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Article 65 Controller Performance Rights

This installment of NATCA’s Know Your Rights Series will explain the right of an employee to voice professional disagreement with a manager under Article 65 of the CBA. Article 65 exists in both the Red Book 2010 ATC contract and the Black Book 2007 engineers’ contract, but is slightly different in each. Article 65 also exists in other CBAs between NATCA and the FAA, as well as the Federal Contract Tower Employers (as Article 30 for RVA and 31 for Midwest). This article will address the application of the Controller Performance article in a general manner. Contact your local union representative, RVP or National LR rep for more information.

Article 65 Red Book (ATC) and FCT Towers

In the context of air traffic control (ATC), Article 65 (30 or 31 for FCT controllers) provides a powerful protection for controllers on a day-to-day basis. Controlling traffic is a demanding and stressful job, and any operational or other errors can be potentially deadly. Many controllers know first hand or have witnessed the results of an operational error: NTSB investigations, management inquiries, and sometimes discipline may result.

Article 65 provides that, whenever a controller is given an instruction by a supervisor or other management representative, and the controller believes that instruction to be in error or otherwise disagrees with it, the controller will comply with the order but management assumes all responsibility for the decision. Article 65 does not provide the controller with the right to refuse an instruction or order from management. Instead, it clearly designates that responsibility for a decision lays with management.

A classic example of a disagreement in the ATC context would be where a front-line supervisor orders a controller to direct traffic in a particular manner such as dictating heading, altitude, etc. The controller disagrees with the supervisor’s instructions. The controller must then assert their disagreement but also follow the instructions to obtain the protections of Article 65.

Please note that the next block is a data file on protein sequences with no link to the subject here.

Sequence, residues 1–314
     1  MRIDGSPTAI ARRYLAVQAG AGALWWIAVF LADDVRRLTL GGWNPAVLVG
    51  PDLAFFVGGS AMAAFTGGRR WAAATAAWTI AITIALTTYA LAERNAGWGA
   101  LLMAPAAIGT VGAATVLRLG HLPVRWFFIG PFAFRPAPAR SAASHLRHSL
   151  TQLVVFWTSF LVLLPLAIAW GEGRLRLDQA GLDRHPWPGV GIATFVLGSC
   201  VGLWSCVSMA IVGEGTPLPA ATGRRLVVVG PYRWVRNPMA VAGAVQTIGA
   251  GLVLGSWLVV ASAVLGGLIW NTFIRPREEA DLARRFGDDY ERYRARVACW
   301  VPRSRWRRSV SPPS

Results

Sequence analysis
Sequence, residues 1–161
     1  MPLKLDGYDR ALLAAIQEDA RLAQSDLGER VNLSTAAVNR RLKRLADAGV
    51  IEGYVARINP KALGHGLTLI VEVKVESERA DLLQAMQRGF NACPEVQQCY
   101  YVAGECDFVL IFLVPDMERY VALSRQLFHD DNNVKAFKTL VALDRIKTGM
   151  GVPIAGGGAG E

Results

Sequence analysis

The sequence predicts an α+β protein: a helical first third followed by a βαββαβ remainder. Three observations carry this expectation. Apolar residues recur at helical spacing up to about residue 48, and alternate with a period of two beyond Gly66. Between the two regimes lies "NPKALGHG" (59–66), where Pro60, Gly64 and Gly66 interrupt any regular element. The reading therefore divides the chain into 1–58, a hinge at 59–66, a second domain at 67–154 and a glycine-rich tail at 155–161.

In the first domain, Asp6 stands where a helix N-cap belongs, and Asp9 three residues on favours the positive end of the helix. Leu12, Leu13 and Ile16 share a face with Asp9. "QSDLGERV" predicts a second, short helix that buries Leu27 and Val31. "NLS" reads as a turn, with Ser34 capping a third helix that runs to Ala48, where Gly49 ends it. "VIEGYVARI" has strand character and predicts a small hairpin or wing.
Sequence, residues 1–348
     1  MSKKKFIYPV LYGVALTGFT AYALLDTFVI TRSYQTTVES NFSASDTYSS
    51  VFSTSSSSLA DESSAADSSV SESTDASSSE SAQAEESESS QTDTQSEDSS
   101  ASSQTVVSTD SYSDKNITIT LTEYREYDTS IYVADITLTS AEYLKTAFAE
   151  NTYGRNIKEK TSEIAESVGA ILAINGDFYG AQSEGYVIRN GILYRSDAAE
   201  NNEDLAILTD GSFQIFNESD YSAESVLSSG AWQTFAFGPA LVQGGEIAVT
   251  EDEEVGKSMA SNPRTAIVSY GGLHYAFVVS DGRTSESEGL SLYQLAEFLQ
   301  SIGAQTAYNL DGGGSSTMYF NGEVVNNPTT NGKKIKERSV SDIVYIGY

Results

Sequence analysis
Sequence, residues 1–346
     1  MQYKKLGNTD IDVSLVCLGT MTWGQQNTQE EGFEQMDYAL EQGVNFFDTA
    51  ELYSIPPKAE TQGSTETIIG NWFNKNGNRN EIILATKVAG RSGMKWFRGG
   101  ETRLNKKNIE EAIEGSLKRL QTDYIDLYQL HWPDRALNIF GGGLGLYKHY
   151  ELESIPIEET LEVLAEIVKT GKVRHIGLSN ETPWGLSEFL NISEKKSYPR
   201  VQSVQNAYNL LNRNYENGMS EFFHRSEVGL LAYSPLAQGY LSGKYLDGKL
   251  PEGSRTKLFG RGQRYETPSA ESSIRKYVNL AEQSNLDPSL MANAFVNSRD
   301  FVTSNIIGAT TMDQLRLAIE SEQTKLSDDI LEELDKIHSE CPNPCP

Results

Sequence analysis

It is important to note that the controller should state clearly that they are in professional disagreement with the instruction and if possible state that they are following Article 65 of the Contract by complying with the order. Should any error result, it will no longer be the controller’s responsibility. Therefore, a keen awareness of and assertion of Article 65 rights can save a controller from bearing any responsibility for management’s poor decisions.

Article 65 Black Book

The Engineers language is identical to that in the Red Book, but it has different implications because the nature of the bargaining unit work (engineering) is different from ATC work.

Most of the time, NATCA Region X engineers are able to agree with management direction and decisions in the engineering process. However, where their professional opinion differs from management, Article 65 applies. An engineer must make their disagreement known, and preferably will invoke their Article 65 rights when doing so. As always, the employee must ultimately follow management’s directions.

Examples of disagreement include regulatory requirements for documentation preparation, or design of an installation. An employee may feel that the document or equipment design needs to address a specific concern, such as margin of safety, and the manager may feel it does not need to be addressed. The reverse of that can happen, also. This is usually handled by talking between the employee and the manager, and some sort of compromise is worked out, where both parties are satisfied.

Multi-Units and Others

Similar language to Article 65 exists in other CBAs and interim agreements between NATCA and the FAA, such as the Multi-Unit and the Staff Support Specialists unit. Instances of differences in professional opinion arise in many circumstances.

For example, there are times when a contracting officer may not want to sign a contract, due to a concern over legality. Also, aircraft inspectors may disagree with management over the safety of a proposed design or design modification. In those circumstances the Article 65 rules as described above would apply.


In all cases, the language of Article 65 protects NATCA-represented employees from being held responsible for management decisions with which the employee professionally disagrees. NATCA-represented employees are highly trained individuals with a wealth of professional and technical experience. As such, they do not always agree with management decisions which they may view as unsafe or inappropriate. The key is to remember to:

  • Follow management’s instructions; and
  • Be sure to clearly state you are doing so under protest as provided for by Article 65.

By maintaining an awareness of the rights provided under Article 65 and asserting them properly, NATCA-represented employees can protect themselves when they know management is in error.

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